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The 'Mass Incarceration Crisis’

Expanding clemency will save taxpayer dollars and give deserving men and women a second chance at life outside of a prison cell—goals that Americans across the political spectrum should be able to agree on.

  • Inimai M. Chettiar
  • Nicole Austin-Hillery
Published: April 28, 2014

Cross­pos­ted from The Wall Street Journal

In his April 23 Polit­ical Diary item (“Prison Break”), Jason Riley asserts that the Justice Depart­ment’s clem­ency initi­at­ive caters to “the left’s soft-on-crime senten­cing policies” at the expense of public safety. In truth, the right and left are work­ing in tandem to roll back the misguided and inef­fect­ive crim­inal justice policies that created today’s mass incar­cer­a­tion crisis.

With 5 percent of the world’s popu­la­tion, the U.S. has 25 percent of its pris­on­ers. Many of these are nonvi­ol­ent offend­ers imprisoned because of draconian senten­cing laws that led the prison popu­la­tion to triple since 1980. Today, it’s not just liber­tari­ans call­ing for senten­cing reform. Fiscal conser­vat­ives are shocked by the prison system’s immense cost: at an aver­age of $30,000 a year per pris­oner mass incar­cer­a­tion drains money from police, educa­tion, and other taxpayer prior­it­ies at a time of fiscal crisis for govern­ment at all levels. And those on the reli­gious right who support second chances are appalled by a system that locks away nonvi­ol­ent offend­ers for decades.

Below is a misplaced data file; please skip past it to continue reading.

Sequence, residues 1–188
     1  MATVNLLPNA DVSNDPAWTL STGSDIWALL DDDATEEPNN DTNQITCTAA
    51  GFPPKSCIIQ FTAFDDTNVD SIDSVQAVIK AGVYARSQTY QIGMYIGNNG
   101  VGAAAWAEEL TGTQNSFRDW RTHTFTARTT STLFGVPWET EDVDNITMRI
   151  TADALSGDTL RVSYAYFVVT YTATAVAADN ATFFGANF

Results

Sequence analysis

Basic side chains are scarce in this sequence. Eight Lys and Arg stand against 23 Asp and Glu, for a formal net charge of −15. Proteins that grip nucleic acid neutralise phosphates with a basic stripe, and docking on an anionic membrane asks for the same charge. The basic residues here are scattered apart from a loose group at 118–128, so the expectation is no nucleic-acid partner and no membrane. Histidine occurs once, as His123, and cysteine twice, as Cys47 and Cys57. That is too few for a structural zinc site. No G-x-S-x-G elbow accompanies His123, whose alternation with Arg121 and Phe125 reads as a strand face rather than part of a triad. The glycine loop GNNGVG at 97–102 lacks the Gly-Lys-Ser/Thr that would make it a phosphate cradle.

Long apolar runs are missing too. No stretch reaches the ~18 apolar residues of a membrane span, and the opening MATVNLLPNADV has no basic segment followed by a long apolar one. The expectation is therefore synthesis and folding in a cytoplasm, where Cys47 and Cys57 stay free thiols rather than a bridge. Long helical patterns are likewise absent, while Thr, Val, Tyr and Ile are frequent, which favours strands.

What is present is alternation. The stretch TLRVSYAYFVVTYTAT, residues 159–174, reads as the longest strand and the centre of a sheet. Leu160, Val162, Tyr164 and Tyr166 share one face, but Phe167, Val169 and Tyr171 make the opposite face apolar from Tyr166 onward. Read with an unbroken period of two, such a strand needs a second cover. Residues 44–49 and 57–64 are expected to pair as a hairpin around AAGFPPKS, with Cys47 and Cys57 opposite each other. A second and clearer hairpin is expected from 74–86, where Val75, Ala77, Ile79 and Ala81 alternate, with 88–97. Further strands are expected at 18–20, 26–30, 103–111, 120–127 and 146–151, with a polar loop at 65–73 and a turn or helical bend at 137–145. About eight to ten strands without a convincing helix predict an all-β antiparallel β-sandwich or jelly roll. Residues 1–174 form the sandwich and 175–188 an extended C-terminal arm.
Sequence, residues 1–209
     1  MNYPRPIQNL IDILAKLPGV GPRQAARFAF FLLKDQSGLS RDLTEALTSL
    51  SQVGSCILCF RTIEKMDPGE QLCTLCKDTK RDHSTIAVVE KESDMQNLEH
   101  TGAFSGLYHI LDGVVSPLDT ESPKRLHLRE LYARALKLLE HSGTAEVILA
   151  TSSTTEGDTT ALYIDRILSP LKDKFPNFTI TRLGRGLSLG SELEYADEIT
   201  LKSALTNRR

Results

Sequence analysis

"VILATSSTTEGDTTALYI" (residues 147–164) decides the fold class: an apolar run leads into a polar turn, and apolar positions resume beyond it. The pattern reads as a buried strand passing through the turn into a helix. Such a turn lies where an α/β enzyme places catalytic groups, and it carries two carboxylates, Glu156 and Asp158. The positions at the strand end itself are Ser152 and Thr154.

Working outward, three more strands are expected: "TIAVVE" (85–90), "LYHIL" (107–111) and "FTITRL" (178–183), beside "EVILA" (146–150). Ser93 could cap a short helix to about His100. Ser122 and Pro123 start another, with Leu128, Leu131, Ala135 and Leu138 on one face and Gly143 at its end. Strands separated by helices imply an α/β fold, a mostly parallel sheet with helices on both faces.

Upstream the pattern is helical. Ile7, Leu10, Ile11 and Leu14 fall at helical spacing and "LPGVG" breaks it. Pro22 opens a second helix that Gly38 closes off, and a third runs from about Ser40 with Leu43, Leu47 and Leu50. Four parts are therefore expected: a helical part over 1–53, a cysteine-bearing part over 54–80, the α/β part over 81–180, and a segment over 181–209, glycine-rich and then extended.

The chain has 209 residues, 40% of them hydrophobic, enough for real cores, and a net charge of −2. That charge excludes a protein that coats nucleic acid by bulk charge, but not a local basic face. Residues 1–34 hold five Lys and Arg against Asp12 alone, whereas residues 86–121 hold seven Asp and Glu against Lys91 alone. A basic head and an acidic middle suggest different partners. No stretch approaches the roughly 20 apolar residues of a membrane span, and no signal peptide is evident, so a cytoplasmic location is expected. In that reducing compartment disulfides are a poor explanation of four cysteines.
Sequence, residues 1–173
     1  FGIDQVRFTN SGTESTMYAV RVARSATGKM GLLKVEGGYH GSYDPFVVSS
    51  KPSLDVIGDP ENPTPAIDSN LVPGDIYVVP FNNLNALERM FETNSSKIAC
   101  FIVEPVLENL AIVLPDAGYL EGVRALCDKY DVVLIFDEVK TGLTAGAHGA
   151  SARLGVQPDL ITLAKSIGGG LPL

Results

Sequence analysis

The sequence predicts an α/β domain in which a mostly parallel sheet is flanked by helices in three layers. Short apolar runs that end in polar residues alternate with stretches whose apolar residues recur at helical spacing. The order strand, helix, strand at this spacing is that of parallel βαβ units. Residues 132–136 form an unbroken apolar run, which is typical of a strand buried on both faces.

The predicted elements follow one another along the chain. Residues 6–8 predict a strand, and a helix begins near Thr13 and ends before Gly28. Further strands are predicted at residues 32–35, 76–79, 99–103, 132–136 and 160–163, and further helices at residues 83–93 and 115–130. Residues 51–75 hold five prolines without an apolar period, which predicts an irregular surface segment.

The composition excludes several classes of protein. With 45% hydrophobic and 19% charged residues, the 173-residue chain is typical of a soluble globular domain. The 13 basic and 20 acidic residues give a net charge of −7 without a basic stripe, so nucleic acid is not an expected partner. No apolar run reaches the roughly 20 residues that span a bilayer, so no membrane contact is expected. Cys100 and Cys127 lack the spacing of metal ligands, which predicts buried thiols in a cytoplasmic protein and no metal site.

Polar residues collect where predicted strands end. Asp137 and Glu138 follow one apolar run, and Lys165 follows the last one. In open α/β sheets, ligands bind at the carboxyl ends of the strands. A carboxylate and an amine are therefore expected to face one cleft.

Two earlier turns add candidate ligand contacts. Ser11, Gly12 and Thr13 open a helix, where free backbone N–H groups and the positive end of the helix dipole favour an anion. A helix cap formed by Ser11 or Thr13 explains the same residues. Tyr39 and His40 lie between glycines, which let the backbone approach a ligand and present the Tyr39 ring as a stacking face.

Evid­ence shows that longer sentences do not make offend­ers less likely to commit crimes. In fact, putting low-level offend­ers into prison with more seri­ous offend­ers can actu­ally cause them to commit more crimes upon release. Expand­ing clem­ency will save taxpayer dollars and give deserving men and women a second chance at life outside of a prison cell. These are goals that all Amer­ic­ans, across the polit­ical spec­trum—in­clud­ing those in communit­ies hit hard­est by these overly harsh sentences—should be able to agree on.